The OTT (over-the-top) model is experiencing rapid growth as a complementary video distribution channel. Operators and programmers are facing the challenge of providing the same quality of experience for both traditional and OTT viewers, and doing this at a scale.

Users are accustomed to robustness and quality of traditional video delivery ecosystems such as cable, IPTV, satellite and broadcast. A successful OTT deployment should be able to match, if not exceed, these.

In this paper we are providing an overview DASH implementation of robust ad-supported live linear services and an OTT-centric transcoder/packager architecture to support it.

We discuss DASH features that make such service a reality, as well as a range of issues unique to such deployments – from content conversion to timing to scalability and fault tolerance, as well as additional benefits coming from tighter integration between intermediate transcoder-packager format and DASH.

Lastly this paper will discuss monitoring and verification of the end-to-end linear content delivery chain.


An ever-growing share of US consumers uses OTT for viewing live content, such as sports events, while the vast majority is still served using traditional distribution methods, such as cable, satellite, IPTV and terrestrial broadcast. As an example, ESPN reported 17m traditional and 1.8m OTT viewers for the FIFA 2014 finals.

This is a good illustration of the reality faced by US programmers and operators: majority of viewers are still using the traditional decade-old content distribution mechanisms, while a rapidly growing OTT segment is served by adaptive streaming over HTTP.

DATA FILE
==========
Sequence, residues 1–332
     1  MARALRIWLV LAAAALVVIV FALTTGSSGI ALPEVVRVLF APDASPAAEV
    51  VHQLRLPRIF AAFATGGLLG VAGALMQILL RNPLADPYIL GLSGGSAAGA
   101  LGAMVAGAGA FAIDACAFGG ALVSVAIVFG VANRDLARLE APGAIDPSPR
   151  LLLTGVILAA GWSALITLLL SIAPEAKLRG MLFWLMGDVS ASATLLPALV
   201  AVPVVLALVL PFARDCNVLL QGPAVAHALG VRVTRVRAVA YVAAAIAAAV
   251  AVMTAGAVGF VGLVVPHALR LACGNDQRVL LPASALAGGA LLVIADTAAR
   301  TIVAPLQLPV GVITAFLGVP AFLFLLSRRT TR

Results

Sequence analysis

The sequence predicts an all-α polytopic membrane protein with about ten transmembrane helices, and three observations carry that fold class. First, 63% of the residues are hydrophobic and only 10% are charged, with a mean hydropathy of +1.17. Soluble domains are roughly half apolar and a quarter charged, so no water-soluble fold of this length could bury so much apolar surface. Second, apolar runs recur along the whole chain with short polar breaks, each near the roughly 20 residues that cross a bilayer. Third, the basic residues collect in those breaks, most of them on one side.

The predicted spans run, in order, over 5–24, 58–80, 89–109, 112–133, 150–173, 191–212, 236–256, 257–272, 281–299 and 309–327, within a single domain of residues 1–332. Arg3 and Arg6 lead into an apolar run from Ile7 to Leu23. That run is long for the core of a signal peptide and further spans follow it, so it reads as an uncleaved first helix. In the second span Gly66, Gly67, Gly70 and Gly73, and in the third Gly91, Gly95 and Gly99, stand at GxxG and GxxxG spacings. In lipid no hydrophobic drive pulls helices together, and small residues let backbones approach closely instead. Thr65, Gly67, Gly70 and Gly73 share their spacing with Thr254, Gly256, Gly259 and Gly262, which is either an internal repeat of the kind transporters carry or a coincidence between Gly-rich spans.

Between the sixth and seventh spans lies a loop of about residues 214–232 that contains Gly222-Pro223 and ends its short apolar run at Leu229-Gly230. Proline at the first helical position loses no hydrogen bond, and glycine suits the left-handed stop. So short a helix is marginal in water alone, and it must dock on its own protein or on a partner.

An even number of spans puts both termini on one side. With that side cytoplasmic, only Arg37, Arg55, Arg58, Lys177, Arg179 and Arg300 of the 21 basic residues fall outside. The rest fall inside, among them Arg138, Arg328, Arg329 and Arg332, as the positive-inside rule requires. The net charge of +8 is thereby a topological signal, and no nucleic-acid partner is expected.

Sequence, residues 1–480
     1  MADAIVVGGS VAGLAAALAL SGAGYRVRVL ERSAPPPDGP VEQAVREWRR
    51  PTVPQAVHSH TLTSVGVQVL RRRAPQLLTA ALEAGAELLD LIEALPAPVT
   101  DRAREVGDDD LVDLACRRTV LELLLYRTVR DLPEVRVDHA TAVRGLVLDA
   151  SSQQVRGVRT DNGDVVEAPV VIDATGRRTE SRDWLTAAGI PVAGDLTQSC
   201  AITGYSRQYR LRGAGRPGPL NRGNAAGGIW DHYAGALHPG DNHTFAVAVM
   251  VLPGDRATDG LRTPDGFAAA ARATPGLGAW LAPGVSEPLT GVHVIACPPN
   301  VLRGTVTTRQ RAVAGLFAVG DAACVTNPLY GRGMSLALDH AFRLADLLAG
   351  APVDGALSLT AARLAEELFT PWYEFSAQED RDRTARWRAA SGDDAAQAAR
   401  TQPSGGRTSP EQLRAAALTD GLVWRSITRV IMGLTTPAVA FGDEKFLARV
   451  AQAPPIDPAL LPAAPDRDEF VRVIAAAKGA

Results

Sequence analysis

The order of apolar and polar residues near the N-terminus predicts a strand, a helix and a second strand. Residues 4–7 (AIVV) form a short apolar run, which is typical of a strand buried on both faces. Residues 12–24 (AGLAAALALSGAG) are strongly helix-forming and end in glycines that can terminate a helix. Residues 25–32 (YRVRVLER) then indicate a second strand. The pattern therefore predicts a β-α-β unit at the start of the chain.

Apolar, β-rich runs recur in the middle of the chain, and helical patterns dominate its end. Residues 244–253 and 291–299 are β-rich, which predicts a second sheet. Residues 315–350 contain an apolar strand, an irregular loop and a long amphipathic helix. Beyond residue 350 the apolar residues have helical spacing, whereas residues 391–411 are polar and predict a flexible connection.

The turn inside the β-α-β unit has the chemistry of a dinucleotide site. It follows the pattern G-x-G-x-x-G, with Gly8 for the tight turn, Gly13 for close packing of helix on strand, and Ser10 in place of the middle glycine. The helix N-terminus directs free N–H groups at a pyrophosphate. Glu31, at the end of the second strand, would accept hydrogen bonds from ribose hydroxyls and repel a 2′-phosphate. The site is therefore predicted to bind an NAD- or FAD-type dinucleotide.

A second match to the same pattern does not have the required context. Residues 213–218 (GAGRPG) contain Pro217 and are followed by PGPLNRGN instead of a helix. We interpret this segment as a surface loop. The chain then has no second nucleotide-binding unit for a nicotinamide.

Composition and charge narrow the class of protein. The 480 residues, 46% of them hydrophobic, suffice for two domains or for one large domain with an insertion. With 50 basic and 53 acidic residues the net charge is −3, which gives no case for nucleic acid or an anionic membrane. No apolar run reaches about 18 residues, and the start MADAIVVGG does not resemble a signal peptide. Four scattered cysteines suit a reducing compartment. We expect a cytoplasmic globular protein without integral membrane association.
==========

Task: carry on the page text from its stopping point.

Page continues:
Passing the tuning test – providing OTT customers with quality of experience (QoE) that is same or better than the traditional one is, thus, of paramount importance to the operators. This paper concentrates on a single use case: ad-supported linear channel.

Many of the issues that are irrelevant for on demand systems – such as “live edge” determination, end-to-end delays, schedule changes, coping with large audiences, etc., have a significant impact on viewers’ QoE. It goes without saying that resilience and scalability are the basic requirement for any OTT deployment that offers premium linear content

Our idealized system, depicted in Figure 1 can be summarized as follows: an MPEG-2 TS feed containing audio, video and SCTE 35 signalling is received and decrypted at the headend. It is then transcoded into multiple representations, some intended for OTT use and some – for traditional. The result is then packaged and encrypted for the intended crop of devices and mode of distribution, with OTT service provided using MPEG DASH.

Figure 1 system architecture

Figure 1 system architecture

Figure 1: system architecture

We will assume that the reader is familiar with the basics of MPEG DASH and transport streams (MPEG-2 TS). Introductions to DASH are available in multiple papers, such as [1], [2], and [3], while [5] provides an in-depth introduction to MPEG-2 TS.


The simplest approach to generate DASH content from a real-time MPEG-2 TS feed can be summarized as (1) transcoding the source feed into the appropriate set of profiles, (2) delivering the segments to the origin server, and (3) letting CDNs take care of the distribution to the client.

This solution undoubtedly works, but does not necessarily possess robustness and scalability properties expected from traditional systems.

The transcoding step can be conceptually decomposed into demultiplexing, pre-filtering, proper transcoding of elementary streams and packaging the resulting bitstreams into DASH segments for OTT distribution or MPEG-2 transport streams suitable for traditional distribution.

Computational complexity of packaging is orders of magnitude smaller than the transcoding.

In a large, geographically distributed network, where multiple edge nodes on a closed provisioned network interface either with the clients directly or egress into CDNs, keeping transcoding and packaging together is computationally and economically inefficient.

Physical separation between packager and transcoder, enables centralized transcoding processing. The horizontal scaling characteristics of such a multi-tier system with growth of audience are also significantly better than these of a traditional all-in-one transcoder.

This tier separation is not entirely free – it is achieved at the expense of having to simulcast all encoded representations of the content rather than just deliver the source to each transcoder.